Brad Esposito for BuzzFeed News
Any perception that Australian GPs weren't interested in learning about and prescribing medicinal cannabis was silenced on Saturday, as doctors flooded into the International Convention Centre Sydney to discuss cannabis and its future in the country.
On the last day of GP17, a three-day event hosting dozens of sessions on the future of medicine in Australia, standing room was the final option as the morning's session on "hashing out the facts" about medicinal cannabis began.
Four spectacled men were on the session's panel: pain specialist professor Milton Cohen; Dr. Tony Gill from the Therapeutic Goods Administration (TGA); neurologist Dr. John Lawson; and ANU Medical School's Dr. David Caldicott.
The session began with a discussion on the progress of the drug in the medical space, with the TGA's Gill saying there was not strong evidence yet to support medicinal cannabis, but that further studies and reviews will be published soon.
Cohen said he believed cannabis use did not result in any significant treatment of pain — "Many patients were still suffering after six years of use" — and that there was limited evidence supporting medicinal cannabis use over other medication.
It wasn't until self-professed "antichrist" of the event, Dr. David Caldicott, spoke that medicinal cannabis was heralded as a possible solution to health problems. Caldicott's rapid presentation focused on the inaccessibility of the drug in Australia, despite its legal status, and claimed the country's medical bodies were "laggards in the space".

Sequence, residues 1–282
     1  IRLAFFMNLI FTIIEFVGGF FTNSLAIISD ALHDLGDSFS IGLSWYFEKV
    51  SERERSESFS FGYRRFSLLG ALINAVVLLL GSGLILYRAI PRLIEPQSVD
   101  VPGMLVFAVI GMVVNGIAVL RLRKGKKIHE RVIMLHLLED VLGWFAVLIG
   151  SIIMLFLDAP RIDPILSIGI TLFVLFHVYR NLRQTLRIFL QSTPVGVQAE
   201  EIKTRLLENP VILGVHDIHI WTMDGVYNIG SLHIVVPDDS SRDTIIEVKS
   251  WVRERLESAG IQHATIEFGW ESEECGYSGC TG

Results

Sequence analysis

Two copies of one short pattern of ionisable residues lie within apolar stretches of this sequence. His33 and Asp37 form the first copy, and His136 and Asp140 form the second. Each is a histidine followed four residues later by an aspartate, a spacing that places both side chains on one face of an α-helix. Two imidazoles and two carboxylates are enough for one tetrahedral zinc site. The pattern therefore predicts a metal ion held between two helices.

Caldicott said there was conclusive and substantive evidence from studies originating out of "some place called Harvard", and pointed out the fact that fewer opioids were prescribed in states in the US where the drug was legal, with a 30% reduction in mortality rates linked to opioid use.
At the end of the session, many of the GPs in attendance asked questions prefaced with the admittance that they knew very little about the drug.
Prominent GP Brad McKay was clapped after a frustrated statement hidden as a question, where he complained that there was little easy-to-understand information available that doctors could use to determine if their patient qualified for medicinal cannabis use.
"Let's say I have a patient whose pain is a 6/10," McKay told BuzzFeed News after the event. "If medicinal cannabis use takes that down to a five, and it means the patient can go from not being able to vacuum their house to suddenly being able to, then isn't that worth it?"
In March, Caldicott was at a meeting of global regulators in Sydney, with representatives from Israel, Canada, the Netherlands and Germany, as well as the NSW chief scientist Mary O'Kane.
After discussing Australia's place in the medicinal cannabis movement, the progressive Israeli reps were asked if there was anything about Australia's progress they were impressed with. "Well," they replied. "You spelled marijuana right."